Middle East

Coalition airstrikes kill nine people in Yemen

People gather at the site of an air strike that destroyed a house on the outskirts of the northwestern city of Saada, Yemen January 22, 2018. REUTERS/Naif Rahma

SAADA, Yemen / RIYADH: Arab-led coalition aircraft Monday struck a building in northern Yemen that housed a clinic, killing seven people, five of them children, residents said, the latest in a series of raids.

A spokesman for the coalition had no immediate comment on the attack, which residents said occurred early in the morning. The coalition says it does not target civilians in its war against the Iran-aligned Houthi group.

Yemen has been torn apart by nearly three years of conflict, with most of the populous north controlled by the armed Houthi group, while the south and east are run by the internationally recognized government of President Abed Rabbou Mansour Hadi, which is backed by a coalition of Arab states.

Residents of Sohar district, on the outskirts of the provincial capital of Saada, said warplanes had struck the building that housed a small clinic and a house. As well as the seven deaths, five people were injured, residents said.

“A bus that was parked here was thrown behind the house and that house was damaged by the size of the bomb,” said a man who identified himself as Abu Yasser as people gathered around the destroyed building.

In a separate raid in the same district Monday two other people – a woman in her seventh month of pregnancy and her husband – were killed when a hanger and flour mill were struck by the coalition, according to the woman’s brother-in-law.

A coalition spokesman did not immediately respond to a request for a comment on the attack.

The coalition says its pilots take extra precautions not to hit civilian targets and that it investigates each report of civilians being hit.

In the incident in southwestern Yemen, Houthi fighters fired rockets at a parade by special security forces in the town of al-Maafer, medics said.

The town is near Taiz, Yemen’s third-largest city, which is controlled by Hadi supporters.

The medics said one rocket hit the main viewing platform, killing 12 people, including two journalists covering the event, but the deputy interior minister in Hadi’s government, Nasser Lakhsha, who was attending the parade, escaped unharmed.

The Houthis have made no comment on the attack on Taiz.

Meanwhile, the coalition said it would commit $1.5 billion in new humanitarian aid for Yemen.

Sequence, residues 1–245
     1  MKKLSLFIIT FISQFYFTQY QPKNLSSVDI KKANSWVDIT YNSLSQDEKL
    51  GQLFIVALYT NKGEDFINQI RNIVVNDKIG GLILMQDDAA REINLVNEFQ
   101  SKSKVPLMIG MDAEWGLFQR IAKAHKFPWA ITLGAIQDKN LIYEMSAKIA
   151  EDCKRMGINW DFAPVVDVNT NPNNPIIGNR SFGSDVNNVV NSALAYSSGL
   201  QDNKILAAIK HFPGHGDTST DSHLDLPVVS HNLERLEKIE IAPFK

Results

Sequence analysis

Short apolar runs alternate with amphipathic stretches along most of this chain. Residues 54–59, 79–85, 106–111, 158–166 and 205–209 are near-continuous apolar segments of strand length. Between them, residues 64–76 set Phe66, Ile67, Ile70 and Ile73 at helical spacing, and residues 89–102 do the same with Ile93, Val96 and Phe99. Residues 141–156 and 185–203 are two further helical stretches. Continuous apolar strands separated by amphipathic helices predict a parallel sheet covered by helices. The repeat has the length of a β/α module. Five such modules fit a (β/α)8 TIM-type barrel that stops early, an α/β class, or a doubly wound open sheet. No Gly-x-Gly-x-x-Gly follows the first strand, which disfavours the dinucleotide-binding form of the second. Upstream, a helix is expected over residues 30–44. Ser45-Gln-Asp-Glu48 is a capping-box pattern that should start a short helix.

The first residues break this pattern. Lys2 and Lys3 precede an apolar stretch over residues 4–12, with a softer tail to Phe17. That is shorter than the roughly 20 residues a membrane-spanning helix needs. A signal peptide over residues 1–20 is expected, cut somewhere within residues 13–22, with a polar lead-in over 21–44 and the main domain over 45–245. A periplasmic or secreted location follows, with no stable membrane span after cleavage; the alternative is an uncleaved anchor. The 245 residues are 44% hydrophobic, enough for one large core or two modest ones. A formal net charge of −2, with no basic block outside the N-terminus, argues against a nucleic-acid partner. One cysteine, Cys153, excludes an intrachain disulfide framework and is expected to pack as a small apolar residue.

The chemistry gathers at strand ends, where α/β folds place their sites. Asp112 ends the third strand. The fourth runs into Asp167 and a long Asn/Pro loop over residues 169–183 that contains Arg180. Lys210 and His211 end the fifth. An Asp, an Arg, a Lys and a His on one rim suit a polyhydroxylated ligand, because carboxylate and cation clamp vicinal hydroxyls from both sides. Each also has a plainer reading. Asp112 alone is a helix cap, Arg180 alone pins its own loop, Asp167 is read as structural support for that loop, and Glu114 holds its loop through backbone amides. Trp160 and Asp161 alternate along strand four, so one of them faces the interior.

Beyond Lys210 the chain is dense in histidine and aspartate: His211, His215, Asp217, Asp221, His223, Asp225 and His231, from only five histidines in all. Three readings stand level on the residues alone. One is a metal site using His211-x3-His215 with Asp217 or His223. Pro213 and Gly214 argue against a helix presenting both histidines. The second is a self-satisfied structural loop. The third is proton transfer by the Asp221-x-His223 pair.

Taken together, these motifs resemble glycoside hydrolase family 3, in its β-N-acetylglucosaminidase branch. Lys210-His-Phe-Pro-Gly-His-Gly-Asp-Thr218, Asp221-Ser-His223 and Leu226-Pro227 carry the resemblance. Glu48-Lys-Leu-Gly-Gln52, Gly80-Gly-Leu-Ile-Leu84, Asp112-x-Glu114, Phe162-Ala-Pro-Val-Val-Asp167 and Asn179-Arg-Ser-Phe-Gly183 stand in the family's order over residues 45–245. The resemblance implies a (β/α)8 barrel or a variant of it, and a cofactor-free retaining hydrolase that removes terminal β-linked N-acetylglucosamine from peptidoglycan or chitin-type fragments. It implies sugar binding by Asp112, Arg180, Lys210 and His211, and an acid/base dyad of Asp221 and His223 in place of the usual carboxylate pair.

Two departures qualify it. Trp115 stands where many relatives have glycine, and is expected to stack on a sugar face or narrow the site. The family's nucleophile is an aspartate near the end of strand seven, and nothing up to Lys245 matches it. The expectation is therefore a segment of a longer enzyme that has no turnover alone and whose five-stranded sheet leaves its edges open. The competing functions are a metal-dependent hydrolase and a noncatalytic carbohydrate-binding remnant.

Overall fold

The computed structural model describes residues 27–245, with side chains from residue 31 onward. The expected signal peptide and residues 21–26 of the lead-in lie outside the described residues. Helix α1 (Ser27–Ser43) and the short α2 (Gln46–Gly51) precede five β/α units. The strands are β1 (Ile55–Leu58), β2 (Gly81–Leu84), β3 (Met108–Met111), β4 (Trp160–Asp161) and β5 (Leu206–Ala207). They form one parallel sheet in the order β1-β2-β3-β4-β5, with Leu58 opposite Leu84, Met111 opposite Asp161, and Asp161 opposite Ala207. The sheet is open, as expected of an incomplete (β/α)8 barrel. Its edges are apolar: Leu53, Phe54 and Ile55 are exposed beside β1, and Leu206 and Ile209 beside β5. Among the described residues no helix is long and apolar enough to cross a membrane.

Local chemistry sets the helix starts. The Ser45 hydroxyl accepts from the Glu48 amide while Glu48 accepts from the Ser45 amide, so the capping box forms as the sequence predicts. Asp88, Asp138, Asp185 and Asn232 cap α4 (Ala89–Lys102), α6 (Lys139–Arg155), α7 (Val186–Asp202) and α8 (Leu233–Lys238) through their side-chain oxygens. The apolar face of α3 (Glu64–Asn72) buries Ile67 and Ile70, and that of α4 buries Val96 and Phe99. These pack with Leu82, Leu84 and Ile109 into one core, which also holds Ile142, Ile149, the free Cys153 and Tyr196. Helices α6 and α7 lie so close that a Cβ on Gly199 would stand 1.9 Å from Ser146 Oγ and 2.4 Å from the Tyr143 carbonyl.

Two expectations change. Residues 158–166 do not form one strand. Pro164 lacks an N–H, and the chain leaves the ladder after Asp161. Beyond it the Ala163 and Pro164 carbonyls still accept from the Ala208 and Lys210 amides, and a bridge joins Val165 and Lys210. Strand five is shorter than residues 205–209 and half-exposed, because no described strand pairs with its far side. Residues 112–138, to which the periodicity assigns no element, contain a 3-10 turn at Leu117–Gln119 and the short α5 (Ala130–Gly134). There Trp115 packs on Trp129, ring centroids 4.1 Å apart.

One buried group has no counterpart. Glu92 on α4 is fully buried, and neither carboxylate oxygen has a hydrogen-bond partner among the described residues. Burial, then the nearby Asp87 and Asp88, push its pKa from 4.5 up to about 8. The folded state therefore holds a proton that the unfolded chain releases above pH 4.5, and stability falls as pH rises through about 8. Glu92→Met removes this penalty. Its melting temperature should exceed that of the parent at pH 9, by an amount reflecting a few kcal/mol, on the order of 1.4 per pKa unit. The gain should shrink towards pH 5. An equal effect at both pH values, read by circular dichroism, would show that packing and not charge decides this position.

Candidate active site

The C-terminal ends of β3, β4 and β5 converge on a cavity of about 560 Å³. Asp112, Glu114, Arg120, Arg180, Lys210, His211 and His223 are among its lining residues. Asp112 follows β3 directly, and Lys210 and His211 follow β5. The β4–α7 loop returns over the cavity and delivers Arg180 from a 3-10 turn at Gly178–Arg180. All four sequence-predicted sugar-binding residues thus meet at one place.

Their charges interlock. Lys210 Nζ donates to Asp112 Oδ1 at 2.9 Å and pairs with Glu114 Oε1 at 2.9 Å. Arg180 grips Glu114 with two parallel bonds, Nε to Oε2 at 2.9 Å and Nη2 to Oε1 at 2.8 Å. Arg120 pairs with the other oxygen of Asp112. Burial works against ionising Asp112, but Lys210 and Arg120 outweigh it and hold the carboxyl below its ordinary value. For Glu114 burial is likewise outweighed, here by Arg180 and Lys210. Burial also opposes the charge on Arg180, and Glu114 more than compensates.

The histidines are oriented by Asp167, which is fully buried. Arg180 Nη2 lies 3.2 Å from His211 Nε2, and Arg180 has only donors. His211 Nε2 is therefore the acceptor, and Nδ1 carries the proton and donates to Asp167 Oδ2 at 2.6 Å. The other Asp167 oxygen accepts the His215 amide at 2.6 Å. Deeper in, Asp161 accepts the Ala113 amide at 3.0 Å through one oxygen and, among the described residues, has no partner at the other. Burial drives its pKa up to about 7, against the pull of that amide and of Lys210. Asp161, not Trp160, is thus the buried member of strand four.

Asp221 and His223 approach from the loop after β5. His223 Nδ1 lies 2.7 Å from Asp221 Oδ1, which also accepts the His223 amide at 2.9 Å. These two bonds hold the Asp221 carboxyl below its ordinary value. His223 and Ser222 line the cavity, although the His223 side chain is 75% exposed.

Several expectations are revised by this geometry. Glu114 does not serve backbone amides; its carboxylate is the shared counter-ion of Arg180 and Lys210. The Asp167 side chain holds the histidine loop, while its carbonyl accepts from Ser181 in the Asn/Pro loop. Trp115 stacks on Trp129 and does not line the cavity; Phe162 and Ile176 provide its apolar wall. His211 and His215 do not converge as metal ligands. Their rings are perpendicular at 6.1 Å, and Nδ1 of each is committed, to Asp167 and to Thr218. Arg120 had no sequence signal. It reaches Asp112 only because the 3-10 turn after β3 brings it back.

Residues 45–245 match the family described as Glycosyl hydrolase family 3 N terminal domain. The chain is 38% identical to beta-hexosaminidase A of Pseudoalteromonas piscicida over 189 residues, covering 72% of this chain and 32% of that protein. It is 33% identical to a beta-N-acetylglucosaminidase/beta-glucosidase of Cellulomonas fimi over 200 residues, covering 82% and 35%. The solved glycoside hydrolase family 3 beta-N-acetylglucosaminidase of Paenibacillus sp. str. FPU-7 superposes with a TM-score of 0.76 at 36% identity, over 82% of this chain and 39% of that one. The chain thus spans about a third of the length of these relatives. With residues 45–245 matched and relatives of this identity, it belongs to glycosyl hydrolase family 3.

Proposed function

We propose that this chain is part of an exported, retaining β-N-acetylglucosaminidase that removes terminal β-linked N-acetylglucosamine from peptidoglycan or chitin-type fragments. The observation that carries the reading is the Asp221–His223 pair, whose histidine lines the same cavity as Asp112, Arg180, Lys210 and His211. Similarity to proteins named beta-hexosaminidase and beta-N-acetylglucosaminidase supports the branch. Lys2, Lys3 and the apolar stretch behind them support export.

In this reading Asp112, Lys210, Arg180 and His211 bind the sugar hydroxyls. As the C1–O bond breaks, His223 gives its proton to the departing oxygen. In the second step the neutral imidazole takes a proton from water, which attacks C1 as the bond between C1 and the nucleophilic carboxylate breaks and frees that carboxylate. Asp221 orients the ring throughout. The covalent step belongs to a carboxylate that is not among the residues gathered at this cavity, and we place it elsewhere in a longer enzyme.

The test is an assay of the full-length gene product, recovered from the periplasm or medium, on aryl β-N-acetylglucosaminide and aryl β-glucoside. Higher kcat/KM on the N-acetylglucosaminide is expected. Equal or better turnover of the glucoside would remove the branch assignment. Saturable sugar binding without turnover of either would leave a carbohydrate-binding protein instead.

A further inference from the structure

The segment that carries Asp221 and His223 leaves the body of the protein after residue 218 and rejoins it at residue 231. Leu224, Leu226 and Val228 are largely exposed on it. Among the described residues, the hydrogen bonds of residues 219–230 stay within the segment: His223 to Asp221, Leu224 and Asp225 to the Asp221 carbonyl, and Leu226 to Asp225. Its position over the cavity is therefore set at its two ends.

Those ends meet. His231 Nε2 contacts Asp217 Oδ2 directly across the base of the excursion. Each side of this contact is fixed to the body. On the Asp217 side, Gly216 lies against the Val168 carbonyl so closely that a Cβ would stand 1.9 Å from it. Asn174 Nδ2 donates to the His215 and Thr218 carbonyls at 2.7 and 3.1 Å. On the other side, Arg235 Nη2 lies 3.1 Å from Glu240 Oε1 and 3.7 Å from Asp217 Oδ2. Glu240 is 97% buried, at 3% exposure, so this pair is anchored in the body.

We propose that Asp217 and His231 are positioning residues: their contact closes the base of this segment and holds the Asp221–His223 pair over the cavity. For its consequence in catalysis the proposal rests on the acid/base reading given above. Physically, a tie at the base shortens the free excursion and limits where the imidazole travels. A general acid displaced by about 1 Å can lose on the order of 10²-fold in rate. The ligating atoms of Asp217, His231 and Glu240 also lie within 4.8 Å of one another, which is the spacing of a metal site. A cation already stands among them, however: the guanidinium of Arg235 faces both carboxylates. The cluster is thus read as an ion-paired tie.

The U.S.-backed coalition said it had already completed the first aid flight of a new air bridge to the central city of Marib and had set up 17 overland corridors for aid shipments.

It also plans to install four cranes in three southern ports held by the government to boost the flow of imports, coalition officials told a news conference in Riyadh.

“We are backing a professionally planned and detailed humanitarian mission with military power and precision to guarantee that the humanitarian aid reaches the people who need it to lift their suffering,” spokesman Col. Turki al-Malki said.

Yemen is the world’s worst humanitarian crisis, where 8.3 million people are entirely dependent on external food aid and 400,000 children suffer from severe acute malnutrition, a potentially lethal condition, according to the United Nations.

The coalition has already pumped billions of dollars worth of aid into Yemen, yet the war has still cut food deliveries by more than half.

The new aid program seeks to boost monthly imports to 1.4 million metric tons from 1.1 million last year.

Malki said the coalition would extend by another month its permission for commercial ships to dock at Hudaida, a Houthi-held port on the Red Sea that is the country’s main entry point for food.

Malki added that after coalition talks with a United Nations body tasked with inspecting Yemen-bound ships and Djibouti, the United Nations would now be able to search all such vessels in the port for possible weapons .

Last week, Saudi Arabia deposited $2 billion in Yemen’s central bank after the Yemeni prime minister made a public plea for funds to prop up the currency and help stave off hunger.

The Yemen war has caused a major humanitarian crisis, killing more than 10,000, according to United Nations data released in 2016.

A version of this article appeared in the print edition of The Daily Star on January 23, 2018, on page 9.




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